MacArthur, R. H., and Wilson, E. O. (1967). "The Theory of Island Biogeography." Princeton Univ. Press, Princeton, NJ.
Martinez, N. D., and Dunne, J. A. (1998). Time, space, and beyond: scale issues in food-web research. In "Ecological Scale: Theory and Applications" (D. L. Peterson and V. T. Parker, eds.), pp. 207-226. Columbia Univ. Press, New York.
Molles, M. C. (2002). "Ecology: Concepts and Applications." McGraw-Hill, Boston.
Morin, P. (1999). "Community Ecology." Blackwell Sci., Malden, MA.
Murphy, S. L., and Tate, R. L., III (1996). Bacterial movement through soil. In "Soil Biochemistry" (G. Stotzky and J.-M. Bollag, eds.), Vol. 9, pp. 253-286. Dekker, New York.
Odum, E. (1997). "Ecology: a Bridge between Science and Society." 3rd ed. Sinauer, Sunderland, MA.
Paine, R. T. (1969). A note on trophic complexity and species diversity. Am. Nat. 103, 91-93.
Panikov, N. S. (1995). "Microbial Growth Kinetics." Chapman & Hall, London.
Parker, V. T., and Pickett, S. T. A. (1998). Historical contingency and multiple scales of dynamics within plant communities. In "Ecological Scale: Theory and Applications" (D. I. Peterson and V. T. Parker, eds.), pp. 171-191. Columbia Univ. Press, New York.
Parton, W. J., Schimel, D. S., Cole, C. V., and Ojima, D. S. (1987). Analysis of factors controlling soil organic matter levels in Great Plains grasslands. Soil Sci. Soc. Am. J. 51, 1173-1179.
Paul, E. A., and Clark, F. E. (1996). "Soil Microbiology and Biochemistry." 2nd ed. Academic Press, New York.
Pearl, R., and Reed, L. J. (1920). On the rate of growth of the population of the United States since 1790 and its mathematical representation. Proc. Natl. Acad. Sci. USA 6, 275-288.
Pianka, E. R. (1970). On r- and ^-selection. Am. Nat. 104, 592-597.
Rayner, A. D. M., Beeching, J. R., Crowe, J. D., and Watkins, Z. R. (1999). Defining individual fungal boundaries. In "Structure and Dynamics of Fungal Populations" (J. J. Worrall, ed.), pp. 19-41. Kluwer Academic, Dordrecht.
Real, L. A., and Brown, J. H., eds. (1991). "Foundations of Ecology: Classic Papers with Commentaries." Univ. of Chicago Press, Chicago.
Reznick, D., Bryant, M. J., and Bashey, F. (2002). r- and ^-selection revisited: the role of population regulation in life-history evolution. Ecology 83, 1509-1520.
Robinson, C. H. (2001). Cold adaptation in Arctic and Antarctic fungi. New Phytol. 151, 341-353.
Roeßler, M., and Müller, V. (2001). Osmoadaptation in bacteria and archaea: common principles and differences. Environ. Microb. 3, 743-754.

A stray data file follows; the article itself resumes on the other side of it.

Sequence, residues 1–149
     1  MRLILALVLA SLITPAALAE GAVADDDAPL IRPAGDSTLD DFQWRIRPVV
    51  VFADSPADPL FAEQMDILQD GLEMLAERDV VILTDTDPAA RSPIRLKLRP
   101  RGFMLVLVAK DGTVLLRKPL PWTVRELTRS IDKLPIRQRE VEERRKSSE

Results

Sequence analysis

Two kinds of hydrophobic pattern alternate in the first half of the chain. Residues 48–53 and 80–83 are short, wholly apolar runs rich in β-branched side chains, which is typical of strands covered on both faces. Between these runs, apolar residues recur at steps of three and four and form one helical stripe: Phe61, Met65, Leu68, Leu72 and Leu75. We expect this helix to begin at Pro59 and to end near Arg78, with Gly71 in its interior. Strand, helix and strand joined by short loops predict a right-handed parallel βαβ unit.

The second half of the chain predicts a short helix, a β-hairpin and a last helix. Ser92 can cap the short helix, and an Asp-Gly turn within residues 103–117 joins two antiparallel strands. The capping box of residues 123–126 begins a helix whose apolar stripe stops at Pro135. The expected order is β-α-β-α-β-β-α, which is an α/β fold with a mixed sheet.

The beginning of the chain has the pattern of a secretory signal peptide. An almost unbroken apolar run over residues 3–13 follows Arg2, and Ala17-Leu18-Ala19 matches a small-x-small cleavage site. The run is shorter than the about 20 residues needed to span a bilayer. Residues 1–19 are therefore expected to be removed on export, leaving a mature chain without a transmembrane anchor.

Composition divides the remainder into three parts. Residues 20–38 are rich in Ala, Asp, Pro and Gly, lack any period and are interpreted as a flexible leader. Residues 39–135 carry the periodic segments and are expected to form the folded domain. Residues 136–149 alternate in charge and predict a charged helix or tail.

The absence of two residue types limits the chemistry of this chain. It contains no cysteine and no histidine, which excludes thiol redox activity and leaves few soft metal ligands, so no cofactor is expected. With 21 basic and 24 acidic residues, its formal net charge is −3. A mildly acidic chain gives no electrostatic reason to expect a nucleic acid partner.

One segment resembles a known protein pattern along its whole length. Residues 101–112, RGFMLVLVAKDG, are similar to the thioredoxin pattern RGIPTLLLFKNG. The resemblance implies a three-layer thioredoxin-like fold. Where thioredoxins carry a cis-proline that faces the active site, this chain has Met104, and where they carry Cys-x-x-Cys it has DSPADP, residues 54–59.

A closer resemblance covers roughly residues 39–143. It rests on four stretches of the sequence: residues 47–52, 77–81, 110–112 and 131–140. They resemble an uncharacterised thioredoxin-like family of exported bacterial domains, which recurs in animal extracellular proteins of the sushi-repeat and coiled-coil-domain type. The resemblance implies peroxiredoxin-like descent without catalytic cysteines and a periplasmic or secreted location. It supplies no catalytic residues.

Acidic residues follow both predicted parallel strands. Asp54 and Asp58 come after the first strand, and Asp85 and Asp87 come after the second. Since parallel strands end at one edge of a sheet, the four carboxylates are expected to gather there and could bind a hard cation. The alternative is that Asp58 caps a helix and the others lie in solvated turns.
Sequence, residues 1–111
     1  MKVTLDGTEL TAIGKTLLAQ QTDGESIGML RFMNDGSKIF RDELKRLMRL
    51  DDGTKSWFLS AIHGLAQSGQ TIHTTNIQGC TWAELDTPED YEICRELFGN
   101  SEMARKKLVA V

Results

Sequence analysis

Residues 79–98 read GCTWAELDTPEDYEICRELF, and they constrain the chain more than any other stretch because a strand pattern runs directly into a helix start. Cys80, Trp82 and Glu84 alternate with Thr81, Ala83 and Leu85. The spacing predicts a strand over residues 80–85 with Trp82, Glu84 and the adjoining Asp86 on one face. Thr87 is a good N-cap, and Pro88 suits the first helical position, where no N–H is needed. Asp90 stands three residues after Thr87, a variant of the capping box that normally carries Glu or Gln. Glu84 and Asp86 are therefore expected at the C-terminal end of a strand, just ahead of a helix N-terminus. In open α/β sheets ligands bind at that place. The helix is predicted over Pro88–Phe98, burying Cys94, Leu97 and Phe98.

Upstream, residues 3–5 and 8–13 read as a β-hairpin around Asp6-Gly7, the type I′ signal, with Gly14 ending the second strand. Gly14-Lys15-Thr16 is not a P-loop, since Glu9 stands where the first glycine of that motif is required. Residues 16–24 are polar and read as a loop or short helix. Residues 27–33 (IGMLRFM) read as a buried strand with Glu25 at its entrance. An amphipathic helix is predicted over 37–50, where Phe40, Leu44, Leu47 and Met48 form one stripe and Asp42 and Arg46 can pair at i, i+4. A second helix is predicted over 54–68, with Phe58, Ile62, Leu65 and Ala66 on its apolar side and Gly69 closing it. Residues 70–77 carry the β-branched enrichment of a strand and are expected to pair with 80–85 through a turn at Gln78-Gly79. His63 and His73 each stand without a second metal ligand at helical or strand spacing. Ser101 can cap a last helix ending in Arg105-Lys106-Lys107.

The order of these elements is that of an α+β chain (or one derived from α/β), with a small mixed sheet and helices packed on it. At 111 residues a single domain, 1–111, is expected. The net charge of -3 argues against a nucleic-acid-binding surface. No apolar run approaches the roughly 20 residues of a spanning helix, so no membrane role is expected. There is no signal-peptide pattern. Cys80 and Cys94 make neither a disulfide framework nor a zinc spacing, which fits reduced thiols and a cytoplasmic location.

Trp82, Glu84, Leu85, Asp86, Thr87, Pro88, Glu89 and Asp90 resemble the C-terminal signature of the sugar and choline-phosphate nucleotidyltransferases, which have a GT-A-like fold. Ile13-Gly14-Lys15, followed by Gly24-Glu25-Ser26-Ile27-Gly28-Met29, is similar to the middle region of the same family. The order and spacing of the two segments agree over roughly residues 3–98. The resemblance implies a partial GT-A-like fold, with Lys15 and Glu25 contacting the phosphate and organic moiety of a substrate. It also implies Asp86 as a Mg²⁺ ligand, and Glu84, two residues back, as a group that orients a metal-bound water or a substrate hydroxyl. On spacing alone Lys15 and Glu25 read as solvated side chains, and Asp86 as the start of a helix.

Rozen, D. E., and Lenski, R. E. (2000). Long-term experimental evolution in Escherichia coli. VIII. Dynamics of a balanced polymorphism. Am. Nat. 155, 24-35.
Schimel, D. S., Enting, I. G., Heimann, M., Wigley, T. M. L., Raynaud, D., Alves, D., and Siegenthaler, U. (1995). CO2 and the carbon cycle. In "Climate Change 1994" (J. T. Houghton, L. G. Meira Filho, J. P. Bruce, H. Lee, B. A. Callander, E. F. Haites, N. Harris, and K. Maskell, eds.), pp. 35-71. Cambridge Univ. Press, Cambridge, UK.
Settembre, E. C., Chittuluru, J. R., Mill, C. P., Kappock, T. J., and Ealick, S. E. (2004). Acidophilic adaptations in the structure of Acetobacter aceti N5-carboxyaminoimidazole ribonucleotide mutase (PurE). Acta Crystallogr. D 60, 1753-1760.
Silva, F. J., Latorre, A., and Moya, A. (2001). Genome size reduction through multiple events of gene disintegration in Buchnera APS. Trends Genet. 17, 615-618.
Six, J., Frey, S. D., Thiet, R. K., and Batten, K. M. (2006). Bacterial and fungal contributions to carbon sequestration in agroecosystems. Soil Sci. Soc. Am. J. 70, 555-569.
Smith, S. E., and Read, D. (1997). "Mycorrhizal Symbiosis." 2nd ed. Academic Press, London.
Staley, J. T. (1997). Biodiversity: are microbial species threatened? Curr. Opin. Biotech. 8, 340-345.
Stubblefield, S. P., and Taylor, T. N. (1988). Recent advances in palaeomycology. New Phytol. 108, 3-25.
Tilman, D. (1982). "Resource Competition and Community Structure." Princeton Univ. Press, Princeton, NJ.
Tilman, D. (1996). Biodiversity: population versus ecosystem stability. Ecology 77, 350-363.
Turchin, P. (1995). Population regulation: old arguments and a new synthesis. In "Population Dynamics: New Approaches and Synthesis" (N. Cappuccino and P. W. Price, eds.), pp. 19-40. Academic Press, San Diego.
Vandermeer, J. H., and Goldberg, D. E. (2003). "Population Ecology: First Principles." Princeton Univ. Press, Princeton, NJ.
Wardle, D. A., Zackrisson, O., Hornberg, G., and Gallet, C. (1997). The influence of island area on ecosystem properties. Science 277, 1296-1299.
Weiher, E., and Keddy, P., eds. (1999). "Ecological Assembly Rules: Perspectives, Advances, Retreats." Cambridge Univ. Press, Cambridge, UK.
Wiens, J. A. (1997). Metapopulation dynamics and landscape ecology. In "Metapopulation Biology: Ecology, Genetics, and Evolution" (I. Hanski and M. E. Gilpin, eds.), pp. 43-61. Academic Press, San Diego.
Wilson, J. B. (1999). Guilds, functional types, and ecological groups. Oikos 86, 507-522.
Woese, C. R. (1994). There must be a prokaryote somewhere: microbiology's search for itself. Microbiol. Rev. 58, 1-9.
Wu, J., and Loucks, O. L. (1995). From balance of nature to hierarchical patch dynamics: a paradigm shift in ecology. Q. Rev. Biol. 70, 439-466.
Wu, X. L., and Conrad, R. (2001). Functional and structural response of a cellulose-degrading methanogenic microbial community to multiple aeration stress at two different temperatures. Environ. Microbiol. 3, 355-362.
Young, J. P. W. (1998). Bacterial evolution and the nature of species. In "Advances in Molecular Ecology" (G. R. Carvalho, ed.). IOS Press, Amsterdam.
Was this article helpful?